She said that the pain I have felt for all of these years is not normal, that it is in fact caused by my endometriosis. Finally, someone listened to my concerns, noticed my pain, and validated it. Putting a label on a condition may seem inconsequential to some, but it means the world to me. It proved to me that my suspicions about my pain were not unfounded, and it proved to me that several professionals had failed me in not noticing my condition. It is important that I learn to trust my body and myself and to find good doctors, and finally, I began to achieve this.


There are still many questions I have that will remain unanswered for now. At the moment, my OBGYN does not think my endometriosis will affect my fertility the way it did for my mother, but this could completely change within the next several years. As of now, my OBGYN also believes that I will not need surgery to treat my endometriosis, but, in the future, it could worsen and cause me to need multiple surgeries.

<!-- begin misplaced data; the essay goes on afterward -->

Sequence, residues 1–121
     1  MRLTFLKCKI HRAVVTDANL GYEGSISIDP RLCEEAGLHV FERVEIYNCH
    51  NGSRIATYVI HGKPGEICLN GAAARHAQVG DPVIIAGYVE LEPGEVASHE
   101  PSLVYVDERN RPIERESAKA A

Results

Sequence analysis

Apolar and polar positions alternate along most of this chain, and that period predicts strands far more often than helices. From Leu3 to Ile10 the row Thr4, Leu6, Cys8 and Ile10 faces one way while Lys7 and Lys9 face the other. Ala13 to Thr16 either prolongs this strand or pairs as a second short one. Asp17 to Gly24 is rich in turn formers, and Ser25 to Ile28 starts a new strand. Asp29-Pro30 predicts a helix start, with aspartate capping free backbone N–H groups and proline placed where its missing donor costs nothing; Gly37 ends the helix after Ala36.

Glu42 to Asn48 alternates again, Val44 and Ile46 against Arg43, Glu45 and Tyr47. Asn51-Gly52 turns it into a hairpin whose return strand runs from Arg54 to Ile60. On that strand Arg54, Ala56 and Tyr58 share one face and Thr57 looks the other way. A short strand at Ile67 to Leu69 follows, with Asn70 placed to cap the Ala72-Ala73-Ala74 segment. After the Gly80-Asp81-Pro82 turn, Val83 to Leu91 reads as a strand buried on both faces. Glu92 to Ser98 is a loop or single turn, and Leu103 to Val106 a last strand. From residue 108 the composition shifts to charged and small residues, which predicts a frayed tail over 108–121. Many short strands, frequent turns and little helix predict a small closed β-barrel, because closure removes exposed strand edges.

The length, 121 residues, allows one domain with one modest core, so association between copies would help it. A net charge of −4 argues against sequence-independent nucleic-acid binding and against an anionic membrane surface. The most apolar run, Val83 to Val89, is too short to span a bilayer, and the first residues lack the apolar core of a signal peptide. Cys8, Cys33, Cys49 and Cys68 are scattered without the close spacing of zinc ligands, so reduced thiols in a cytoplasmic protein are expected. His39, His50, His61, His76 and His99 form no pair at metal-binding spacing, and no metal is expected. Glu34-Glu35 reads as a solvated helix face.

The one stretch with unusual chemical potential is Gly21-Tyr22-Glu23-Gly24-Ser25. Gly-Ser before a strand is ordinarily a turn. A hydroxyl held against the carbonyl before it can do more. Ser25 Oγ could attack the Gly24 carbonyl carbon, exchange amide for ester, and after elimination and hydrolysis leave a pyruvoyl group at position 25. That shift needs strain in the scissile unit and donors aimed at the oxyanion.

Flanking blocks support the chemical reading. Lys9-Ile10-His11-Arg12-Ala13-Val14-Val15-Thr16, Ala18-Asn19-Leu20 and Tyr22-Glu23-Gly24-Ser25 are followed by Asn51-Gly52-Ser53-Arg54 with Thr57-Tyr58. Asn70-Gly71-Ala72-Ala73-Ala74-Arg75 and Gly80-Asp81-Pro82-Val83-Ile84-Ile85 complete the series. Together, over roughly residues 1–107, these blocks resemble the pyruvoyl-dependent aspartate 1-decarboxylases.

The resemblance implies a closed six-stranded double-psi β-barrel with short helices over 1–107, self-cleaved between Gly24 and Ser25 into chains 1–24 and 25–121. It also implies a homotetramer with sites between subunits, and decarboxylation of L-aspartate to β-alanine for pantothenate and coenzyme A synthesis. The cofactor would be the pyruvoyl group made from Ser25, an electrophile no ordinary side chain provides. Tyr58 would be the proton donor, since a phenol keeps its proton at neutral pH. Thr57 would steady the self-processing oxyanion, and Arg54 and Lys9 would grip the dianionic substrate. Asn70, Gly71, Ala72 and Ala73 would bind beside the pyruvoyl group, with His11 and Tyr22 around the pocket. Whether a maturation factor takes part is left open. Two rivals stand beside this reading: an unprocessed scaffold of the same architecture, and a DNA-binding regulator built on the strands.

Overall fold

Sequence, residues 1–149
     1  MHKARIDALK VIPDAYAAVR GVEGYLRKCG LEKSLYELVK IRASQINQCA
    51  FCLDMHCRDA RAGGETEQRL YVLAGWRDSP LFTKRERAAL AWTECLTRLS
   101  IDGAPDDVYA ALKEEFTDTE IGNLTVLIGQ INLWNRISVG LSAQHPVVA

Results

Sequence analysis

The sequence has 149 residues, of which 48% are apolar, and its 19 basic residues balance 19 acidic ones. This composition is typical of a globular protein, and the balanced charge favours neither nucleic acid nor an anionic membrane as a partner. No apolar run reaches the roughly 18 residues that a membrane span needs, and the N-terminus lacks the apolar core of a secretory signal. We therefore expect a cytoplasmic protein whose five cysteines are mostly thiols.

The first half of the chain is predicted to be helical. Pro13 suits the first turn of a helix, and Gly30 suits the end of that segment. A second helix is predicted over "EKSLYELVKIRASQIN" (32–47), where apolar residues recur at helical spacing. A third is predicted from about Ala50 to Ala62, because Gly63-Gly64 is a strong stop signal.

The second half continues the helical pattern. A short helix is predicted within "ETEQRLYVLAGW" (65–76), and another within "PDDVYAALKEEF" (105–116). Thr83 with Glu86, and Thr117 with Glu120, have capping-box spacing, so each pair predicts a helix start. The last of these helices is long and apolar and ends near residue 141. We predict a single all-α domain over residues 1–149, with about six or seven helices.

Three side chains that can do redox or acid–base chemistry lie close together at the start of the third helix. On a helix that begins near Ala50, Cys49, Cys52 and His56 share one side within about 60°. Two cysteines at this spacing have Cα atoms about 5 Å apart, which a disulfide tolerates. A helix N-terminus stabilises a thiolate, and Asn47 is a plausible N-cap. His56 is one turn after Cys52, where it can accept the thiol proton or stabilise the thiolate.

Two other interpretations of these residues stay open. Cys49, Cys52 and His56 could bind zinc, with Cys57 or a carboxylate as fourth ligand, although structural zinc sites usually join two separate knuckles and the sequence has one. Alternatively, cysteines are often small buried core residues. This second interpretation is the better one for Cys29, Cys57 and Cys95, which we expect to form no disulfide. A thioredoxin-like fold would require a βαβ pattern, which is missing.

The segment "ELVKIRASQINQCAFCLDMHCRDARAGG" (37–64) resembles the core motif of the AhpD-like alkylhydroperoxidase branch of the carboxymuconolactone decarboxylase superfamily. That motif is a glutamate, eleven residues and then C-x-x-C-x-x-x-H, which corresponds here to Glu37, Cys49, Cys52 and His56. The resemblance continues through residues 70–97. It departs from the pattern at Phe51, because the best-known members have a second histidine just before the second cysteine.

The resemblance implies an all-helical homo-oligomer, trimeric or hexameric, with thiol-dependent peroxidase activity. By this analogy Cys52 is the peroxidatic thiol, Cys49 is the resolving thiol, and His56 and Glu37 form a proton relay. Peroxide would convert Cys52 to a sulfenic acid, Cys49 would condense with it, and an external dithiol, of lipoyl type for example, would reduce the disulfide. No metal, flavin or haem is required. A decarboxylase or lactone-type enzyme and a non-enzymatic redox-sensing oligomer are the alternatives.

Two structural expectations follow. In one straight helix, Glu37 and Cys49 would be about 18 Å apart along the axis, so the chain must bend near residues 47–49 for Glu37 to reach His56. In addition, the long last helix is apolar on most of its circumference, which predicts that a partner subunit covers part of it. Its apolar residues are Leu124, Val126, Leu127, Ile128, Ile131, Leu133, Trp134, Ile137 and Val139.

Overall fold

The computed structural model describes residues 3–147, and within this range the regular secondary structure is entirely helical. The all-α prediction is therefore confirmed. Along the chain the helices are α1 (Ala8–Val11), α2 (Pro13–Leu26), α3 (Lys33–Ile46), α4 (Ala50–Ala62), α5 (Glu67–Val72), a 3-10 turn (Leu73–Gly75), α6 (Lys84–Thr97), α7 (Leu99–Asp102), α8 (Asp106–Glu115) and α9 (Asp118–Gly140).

I don’t want to have to take birth control pills every day for the next several decades to treat the endometriosis, but I do not want to experience debilitating pain. For now, I will go to the OBGYN once a year to reassess the progress of my endometriosis to see if further intervention is necessary.

The biggest takeaway I have from this years-long experience is that we as a culture need to start empowering women and girls to trust themselves. Furthermore, we need to teach people to listen when women and girls say that something is wrong. If I trusted myself sooner, I might have known I had this condition and been able to treat it sooner. Instead, I suffered through debilitating pain that I was convinced was normal, so I should stop being so upset about it.

If you have experienced or are currently battling symptoms similar to mine, do not be afraid to advocate for yourself. Demand that the people around you listen, because no one should have to suffer through this debilitating pain and this is not just all in your head.